“My idea for Harmony HK was just to create a platform to celebrate diversity and inclusion. That was the goal. I didn’t know what I was doing, but I knew what I wanted.”
She officially launched the agency in 2020, during the height of the Black Lives Matter movement. While countless companies in recent years have jumped on the diversity and inclusion bandwagon, Ilunga looked on with critical eyes. She questioned the motivations behind this wave of corporate reformation.
“This is why I say inclusivity matters,” explains Ilunga. “Being diverse, you know, you can have five, let’s say, Black, ethnic minority, LGBTQ, a disabled person, whatever. If these people are not included, are not being inclusive in part of the talk that is being taught in the company, then it’s nothing. You’re trying to look good.”
Ilunga wanted to do more than fill diversity quotas with her agency. This means providing thoughtful representation, listening to silenced voices and respecting the differences between people.
“The simple way I can put this, because, again, as I said, people always confuse the two. Diversity is about having a seat at a table. Inclusivity is about your voice being heard.”
The agency’s mission is twofold – to normalize inclusive casting and redefine beauty as a quality found in all colors, shapes and sizes. This goes beyond the agency’s models. They hope to reach audiences who’ve also felt cast aside by Western concepts of beauty.
Since Harmony HK’s launch, Ilunga has spread her mission throughout the modeling and art communities. Harmony HK currently represents models traditionally overlooked in fashion and art, including refugees, racial minorities, plus-sized models and members of the LGBTQ+ community, as just a few examples.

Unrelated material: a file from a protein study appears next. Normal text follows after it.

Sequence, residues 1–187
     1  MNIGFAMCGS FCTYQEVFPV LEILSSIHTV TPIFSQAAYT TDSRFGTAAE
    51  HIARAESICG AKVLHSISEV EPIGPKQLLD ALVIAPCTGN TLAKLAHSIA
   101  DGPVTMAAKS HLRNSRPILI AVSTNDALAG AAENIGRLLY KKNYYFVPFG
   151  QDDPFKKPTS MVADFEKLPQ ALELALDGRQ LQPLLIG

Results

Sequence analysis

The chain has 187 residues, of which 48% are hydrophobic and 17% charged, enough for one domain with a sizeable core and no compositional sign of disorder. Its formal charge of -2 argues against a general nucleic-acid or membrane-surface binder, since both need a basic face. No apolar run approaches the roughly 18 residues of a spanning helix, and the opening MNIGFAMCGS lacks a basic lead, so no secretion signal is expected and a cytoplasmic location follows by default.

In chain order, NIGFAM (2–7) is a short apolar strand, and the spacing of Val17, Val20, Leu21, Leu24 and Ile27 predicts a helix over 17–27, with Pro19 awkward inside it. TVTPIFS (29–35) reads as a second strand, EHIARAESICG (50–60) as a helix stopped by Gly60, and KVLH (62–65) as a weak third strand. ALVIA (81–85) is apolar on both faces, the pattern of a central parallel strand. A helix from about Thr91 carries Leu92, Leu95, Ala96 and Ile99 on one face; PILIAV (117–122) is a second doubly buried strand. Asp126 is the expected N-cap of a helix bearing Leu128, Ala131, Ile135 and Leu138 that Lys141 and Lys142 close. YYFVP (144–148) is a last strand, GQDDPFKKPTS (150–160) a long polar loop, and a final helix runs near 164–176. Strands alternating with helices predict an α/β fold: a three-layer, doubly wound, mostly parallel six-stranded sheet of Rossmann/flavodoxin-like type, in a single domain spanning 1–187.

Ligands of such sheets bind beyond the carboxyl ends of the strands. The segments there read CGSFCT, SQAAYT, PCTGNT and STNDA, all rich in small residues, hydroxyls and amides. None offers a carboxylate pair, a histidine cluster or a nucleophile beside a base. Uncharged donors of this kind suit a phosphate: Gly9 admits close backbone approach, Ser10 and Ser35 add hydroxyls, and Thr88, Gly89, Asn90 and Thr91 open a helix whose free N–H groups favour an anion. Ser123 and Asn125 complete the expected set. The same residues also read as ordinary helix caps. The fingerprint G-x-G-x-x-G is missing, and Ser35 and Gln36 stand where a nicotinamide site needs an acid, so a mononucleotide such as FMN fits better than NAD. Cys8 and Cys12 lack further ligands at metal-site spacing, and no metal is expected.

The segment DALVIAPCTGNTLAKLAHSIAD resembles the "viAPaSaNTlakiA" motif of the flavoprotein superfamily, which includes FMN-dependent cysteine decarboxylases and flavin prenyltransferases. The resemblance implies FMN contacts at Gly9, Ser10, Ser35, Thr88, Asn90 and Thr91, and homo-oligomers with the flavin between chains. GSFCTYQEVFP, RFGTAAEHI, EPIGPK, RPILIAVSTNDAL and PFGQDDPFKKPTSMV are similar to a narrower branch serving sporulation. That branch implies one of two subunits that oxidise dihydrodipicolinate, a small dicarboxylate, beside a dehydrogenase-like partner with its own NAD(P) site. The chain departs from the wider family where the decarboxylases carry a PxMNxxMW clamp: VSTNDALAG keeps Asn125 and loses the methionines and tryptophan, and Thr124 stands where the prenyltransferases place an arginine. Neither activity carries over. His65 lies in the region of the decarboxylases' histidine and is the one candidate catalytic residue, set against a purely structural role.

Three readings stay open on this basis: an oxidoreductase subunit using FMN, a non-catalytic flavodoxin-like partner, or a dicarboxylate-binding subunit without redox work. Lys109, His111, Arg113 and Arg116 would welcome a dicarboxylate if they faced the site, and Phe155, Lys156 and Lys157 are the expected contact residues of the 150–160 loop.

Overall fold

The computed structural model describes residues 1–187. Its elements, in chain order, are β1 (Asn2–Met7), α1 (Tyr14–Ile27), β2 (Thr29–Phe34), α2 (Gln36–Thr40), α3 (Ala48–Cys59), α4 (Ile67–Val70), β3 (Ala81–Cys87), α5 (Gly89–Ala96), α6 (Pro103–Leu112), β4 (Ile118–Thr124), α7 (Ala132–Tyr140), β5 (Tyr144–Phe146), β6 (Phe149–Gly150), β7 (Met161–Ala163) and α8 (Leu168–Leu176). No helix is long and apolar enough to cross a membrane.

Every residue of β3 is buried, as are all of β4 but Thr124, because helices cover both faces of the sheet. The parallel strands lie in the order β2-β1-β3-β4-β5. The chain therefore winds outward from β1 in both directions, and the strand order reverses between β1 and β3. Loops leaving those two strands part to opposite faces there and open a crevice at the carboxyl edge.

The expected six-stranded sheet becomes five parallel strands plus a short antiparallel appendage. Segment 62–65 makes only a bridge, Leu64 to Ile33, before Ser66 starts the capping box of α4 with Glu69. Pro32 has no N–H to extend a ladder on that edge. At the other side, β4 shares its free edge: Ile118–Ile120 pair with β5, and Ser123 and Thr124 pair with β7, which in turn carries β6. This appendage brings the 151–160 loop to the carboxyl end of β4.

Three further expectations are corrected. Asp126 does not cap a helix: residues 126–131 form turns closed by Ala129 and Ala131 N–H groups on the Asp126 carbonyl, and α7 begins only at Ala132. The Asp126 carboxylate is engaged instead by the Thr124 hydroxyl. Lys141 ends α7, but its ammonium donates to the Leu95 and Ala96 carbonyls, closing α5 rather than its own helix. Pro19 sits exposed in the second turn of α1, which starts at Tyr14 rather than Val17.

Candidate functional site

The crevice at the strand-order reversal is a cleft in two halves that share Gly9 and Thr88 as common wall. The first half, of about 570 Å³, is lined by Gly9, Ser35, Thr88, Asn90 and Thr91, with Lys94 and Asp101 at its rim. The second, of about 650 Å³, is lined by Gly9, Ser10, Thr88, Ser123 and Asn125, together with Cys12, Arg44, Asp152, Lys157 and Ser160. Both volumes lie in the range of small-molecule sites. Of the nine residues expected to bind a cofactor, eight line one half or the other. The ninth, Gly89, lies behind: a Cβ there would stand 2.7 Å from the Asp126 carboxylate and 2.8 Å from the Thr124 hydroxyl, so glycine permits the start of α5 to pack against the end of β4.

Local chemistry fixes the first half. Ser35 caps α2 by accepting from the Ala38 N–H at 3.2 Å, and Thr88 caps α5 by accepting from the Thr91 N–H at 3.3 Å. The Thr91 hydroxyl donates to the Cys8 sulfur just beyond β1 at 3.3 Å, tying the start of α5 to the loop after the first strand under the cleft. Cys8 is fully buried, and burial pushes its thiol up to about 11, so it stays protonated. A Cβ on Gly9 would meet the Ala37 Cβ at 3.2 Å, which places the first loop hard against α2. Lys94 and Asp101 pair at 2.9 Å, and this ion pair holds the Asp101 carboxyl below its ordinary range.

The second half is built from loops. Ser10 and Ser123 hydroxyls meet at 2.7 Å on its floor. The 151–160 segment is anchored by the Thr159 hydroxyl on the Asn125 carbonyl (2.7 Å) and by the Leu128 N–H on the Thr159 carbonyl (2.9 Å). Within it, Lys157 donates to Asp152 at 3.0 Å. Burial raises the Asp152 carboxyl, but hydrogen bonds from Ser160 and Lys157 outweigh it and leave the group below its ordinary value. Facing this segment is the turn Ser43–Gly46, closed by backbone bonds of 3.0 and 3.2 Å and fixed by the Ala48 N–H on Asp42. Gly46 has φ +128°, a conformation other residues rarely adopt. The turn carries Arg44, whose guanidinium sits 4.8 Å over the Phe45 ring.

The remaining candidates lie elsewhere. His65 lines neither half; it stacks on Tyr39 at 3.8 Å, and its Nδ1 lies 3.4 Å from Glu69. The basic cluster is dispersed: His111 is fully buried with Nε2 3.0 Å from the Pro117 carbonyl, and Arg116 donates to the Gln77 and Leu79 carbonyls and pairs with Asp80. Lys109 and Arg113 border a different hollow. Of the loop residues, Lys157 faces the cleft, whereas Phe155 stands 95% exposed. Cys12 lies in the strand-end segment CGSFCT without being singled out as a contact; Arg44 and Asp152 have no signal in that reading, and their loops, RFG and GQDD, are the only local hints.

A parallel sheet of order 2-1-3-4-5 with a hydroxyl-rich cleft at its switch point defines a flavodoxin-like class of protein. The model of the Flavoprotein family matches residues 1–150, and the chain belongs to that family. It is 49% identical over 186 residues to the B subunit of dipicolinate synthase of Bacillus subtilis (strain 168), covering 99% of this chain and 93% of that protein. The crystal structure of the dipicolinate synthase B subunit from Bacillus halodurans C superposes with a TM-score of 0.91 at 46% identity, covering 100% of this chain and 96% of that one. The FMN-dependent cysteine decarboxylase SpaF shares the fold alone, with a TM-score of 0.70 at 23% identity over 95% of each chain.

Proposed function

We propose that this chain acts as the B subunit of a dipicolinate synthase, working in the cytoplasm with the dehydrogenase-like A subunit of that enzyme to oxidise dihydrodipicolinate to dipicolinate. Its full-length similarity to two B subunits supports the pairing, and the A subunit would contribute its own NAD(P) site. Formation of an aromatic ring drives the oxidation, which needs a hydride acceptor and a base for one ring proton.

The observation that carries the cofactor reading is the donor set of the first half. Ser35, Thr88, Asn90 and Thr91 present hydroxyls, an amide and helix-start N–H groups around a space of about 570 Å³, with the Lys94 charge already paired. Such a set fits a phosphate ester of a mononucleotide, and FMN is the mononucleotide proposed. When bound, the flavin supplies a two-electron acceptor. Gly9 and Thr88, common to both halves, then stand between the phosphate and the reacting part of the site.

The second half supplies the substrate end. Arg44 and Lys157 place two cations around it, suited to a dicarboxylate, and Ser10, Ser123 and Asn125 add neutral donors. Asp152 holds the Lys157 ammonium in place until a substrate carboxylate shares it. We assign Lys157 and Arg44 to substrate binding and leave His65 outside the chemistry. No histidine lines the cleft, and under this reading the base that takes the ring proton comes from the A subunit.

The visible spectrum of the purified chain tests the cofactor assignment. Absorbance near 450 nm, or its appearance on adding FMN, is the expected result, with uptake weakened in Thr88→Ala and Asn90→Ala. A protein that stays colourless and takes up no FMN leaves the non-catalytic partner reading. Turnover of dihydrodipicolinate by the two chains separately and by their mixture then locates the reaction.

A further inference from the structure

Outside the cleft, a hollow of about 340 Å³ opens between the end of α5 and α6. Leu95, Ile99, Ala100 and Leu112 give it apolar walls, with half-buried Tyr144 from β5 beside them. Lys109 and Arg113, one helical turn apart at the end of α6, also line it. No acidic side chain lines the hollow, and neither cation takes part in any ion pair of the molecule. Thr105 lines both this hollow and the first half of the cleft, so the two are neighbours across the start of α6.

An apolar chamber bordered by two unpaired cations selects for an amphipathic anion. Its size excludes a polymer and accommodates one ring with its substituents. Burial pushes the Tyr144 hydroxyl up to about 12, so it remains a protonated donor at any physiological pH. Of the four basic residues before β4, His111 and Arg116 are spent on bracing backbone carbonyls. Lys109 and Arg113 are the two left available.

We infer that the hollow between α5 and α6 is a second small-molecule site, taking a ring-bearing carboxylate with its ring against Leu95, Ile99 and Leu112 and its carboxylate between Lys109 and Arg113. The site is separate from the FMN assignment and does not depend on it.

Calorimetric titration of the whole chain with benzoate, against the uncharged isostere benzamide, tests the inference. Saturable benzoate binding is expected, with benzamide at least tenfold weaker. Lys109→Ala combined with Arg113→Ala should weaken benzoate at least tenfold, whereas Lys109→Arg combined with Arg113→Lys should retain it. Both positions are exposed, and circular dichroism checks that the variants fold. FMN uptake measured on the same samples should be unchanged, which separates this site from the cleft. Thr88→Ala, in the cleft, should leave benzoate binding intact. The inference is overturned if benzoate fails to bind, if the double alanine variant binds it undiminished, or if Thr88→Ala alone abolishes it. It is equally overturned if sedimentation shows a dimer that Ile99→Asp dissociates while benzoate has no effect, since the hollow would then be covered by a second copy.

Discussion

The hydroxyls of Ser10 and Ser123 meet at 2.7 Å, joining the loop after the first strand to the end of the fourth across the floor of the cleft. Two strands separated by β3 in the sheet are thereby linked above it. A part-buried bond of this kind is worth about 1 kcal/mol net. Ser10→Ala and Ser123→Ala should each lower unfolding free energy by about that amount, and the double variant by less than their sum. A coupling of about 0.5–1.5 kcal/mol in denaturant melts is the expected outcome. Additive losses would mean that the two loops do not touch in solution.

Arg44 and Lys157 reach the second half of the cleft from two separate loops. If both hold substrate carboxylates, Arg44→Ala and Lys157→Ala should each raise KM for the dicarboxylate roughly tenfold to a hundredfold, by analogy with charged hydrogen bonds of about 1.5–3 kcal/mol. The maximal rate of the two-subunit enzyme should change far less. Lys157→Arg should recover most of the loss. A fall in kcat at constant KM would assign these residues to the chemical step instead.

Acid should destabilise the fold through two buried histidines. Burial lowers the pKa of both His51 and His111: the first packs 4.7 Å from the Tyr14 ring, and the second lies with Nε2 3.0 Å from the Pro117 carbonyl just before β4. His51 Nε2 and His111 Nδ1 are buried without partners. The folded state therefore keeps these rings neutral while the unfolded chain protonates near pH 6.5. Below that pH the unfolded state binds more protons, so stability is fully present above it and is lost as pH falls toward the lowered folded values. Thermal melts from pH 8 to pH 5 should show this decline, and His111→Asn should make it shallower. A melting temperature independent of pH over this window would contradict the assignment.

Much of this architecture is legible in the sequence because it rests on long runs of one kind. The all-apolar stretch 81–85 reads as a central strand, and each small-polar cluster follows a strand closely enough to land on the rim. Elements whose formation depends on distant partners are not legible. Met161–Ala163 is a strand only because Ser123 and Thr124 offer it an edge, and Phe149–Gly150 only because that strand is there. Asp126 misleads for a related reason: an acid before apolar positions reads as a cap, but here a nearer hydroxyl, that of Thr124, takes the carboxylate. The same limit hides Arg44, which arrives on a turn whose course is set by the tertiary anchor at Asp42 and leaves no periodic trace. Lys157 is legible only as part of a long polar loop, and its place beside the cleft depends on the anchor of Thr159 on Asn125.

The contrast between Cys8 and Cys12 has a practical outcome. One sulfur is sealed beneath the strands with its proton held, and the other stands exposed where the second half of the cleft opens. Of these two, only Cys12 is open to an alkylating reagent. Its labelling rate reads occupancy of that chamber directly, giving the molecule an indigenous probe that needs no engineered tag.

Ilunga also hosts biannual fashion shows at high-profile venues to highlight minorities and raise awareness about refugees in Hong Kong. A fifth of the proceeds goes to organizations championing causes that fit Harmony HK’s mission.
But, it’s now grown well beyond a modeling agency. Ilunga recently completed a diversity and inclusion course at Cornell University. So, from videography and photography services to studio booking to now offering diversity and inclusion consulting for companies – Harmony HK is looking to make change everywhere it can. And this includes how companies and cultures can do better when it comes to inclusivity.
“We’re still a fashion company, but we are not limited only to fashion,” Ilunga explains. “Here’s the thing about life, we need to adapt to our environment. We can’t be stuck in one place.”